I just wanna be the mom.
Alex’s head rests on my shoulder in the waiting room, my arm across the back of his chair. He lets me kiss his hair. He doesn’t feel good. I know, his father knows. We need someone to explain why.
Another puzzle. His belly, his behavior. Specialists. A second appointment. “You do know your child best.” Consult, consult, re-evaluate, adjust.
The weight of Alex’s body against mine grounds me because I know he is seeking comfort and he finds it in that unspoken connection. It is communication and I know what it means, I understand and don’t second guess.
I just wanna be the mom, the one to stroke his hair and bring him soup. To talk softly or read books. To let him rest on my lap.
But so much of the time that’s not how it seems to go. Parents lead teams, fight for justice, find answers, forge new paths…. don’t we?
< sigh >
I am just the mom. Maybe I’m supposed to feel as if I’m on a horse charging through the forest, riding on to victory! Wind in my hair, a confident counterpart to a powerful animal leaping obstacles. Adrenaline rush and excitement at conquering the challenge!
But no, my reality feels more like the Teacup Ride at the amusement park. Tinny carnival music slightly off key, clanking of safety locks & bars, the whir of start up after a half-hearted warning about risks & keep-your-hands-and-feet-inside-the-car by a lazy, monotone, uninterested attendant. Then the exhilarating feeling of leaning to the right to be abruptly yanked to the left into an endless circle. Sliding along the seat, bumping into your cup-mates, grabbing the wheel in the middle to stay stable– and wondering who else might turn it at full force to make your stomach flip flop as you fly around again at nauseating speed.
If you resist the momentum or try to focus on real life beyond the ride, you feel sick. If you yield to the movement, you find a fleeting thrill– maybe even a joyous freedom. Then it ends too soon and you’re back to the hot, crowded line to wait for another try. It’s the resistance that causes pain. And whether you ride without resistance or not, you’re likely to make yourself sick anyway.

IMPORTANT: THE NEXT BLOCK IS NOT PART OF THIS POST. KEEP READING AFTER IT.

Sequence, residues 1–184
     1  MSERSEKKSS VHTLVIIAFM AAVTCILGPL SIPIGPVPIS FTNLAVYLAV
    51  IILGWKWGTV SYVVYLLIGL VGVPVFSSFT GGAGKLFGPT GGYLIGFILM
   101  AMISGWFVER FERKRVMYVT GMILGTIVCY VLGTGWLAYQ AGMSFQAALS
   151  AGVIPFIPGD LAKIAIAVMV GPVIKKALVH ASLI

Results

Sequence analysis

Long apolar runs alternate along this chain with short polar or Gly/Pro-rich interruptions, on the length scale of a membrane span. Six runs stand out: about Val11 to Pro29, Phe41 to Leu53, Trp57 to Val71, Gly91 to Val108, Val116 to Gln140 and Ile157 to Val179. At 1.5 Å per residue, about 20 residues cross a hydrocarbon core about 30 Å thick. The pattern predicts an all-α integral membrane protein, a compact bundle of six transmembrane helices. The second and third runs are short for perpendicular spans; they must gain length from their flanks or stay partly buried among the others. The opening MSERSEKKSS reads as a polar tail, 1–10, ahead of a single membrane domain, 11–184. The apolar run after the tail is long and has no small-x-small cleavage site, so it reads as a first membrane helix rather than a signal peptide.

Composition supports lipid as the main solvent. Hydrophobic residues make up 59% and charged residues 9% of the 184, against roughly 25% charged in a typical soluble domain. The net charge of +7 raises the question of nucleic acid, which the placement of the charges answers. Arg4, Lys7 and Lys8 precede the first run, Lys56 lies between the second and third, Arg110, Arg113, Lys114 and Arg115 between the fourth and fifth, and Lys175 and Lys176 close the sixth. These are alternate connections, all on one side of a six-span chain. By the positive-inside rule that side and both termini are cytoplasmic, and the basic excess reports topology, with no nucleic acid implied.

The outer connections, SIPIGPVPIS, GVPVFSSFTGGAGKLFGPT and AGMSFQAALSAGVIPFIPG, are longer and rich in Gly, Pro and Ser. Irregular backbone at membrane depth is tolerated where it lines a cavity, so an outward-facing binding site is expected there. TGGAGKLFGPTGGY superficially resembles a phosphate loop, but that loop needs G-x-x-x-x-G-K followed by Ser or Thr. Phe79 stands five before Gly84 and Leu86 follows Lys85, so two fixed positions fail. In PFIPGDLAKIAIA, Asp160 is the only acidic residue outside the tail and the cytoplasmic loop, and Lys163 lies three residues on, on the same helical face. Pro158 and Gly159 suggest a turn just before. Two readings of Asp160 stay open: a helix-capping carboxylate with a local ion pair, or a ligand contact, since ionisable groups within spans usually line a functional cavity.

I just wanna be the mom.
I hold my breath and attempt a calm smile, an even tone, picturing a ballroom dancer in a flowing dress being led by her partner around the dance floor, poised gracefully to be turned and dipped and spun at will. Giving the illusion of control and strength, able to dance without falling, to step without causing pain, to perform a role.
“Yes, we have the information you requested. Could you please tell us when we might be seen?”
All the while, my mind seeks answers, spinning like a tea cup, trying to focus, feeling confused and frustrated, wondering why this all can seem so hard.
I just wanna be the mom. I was born to be the mom. Not the spinning performer, the equestrian archer, the triumphant solver-of-problems!
When it all comes to a complete stop, when my day ends and the safety locks slide apart, I find my footing and move again to the sidelines. I feel tired. My head rests on Aubrey’s shoulder and I sink just a bit, as her arms wrap around me, holding me still to stop the spinning inside. There is relief in that unspoken connection. It is communication and I know what it means, I understand and don’t second guess.
I still just wanna be the mom.
I will try again tomorrow.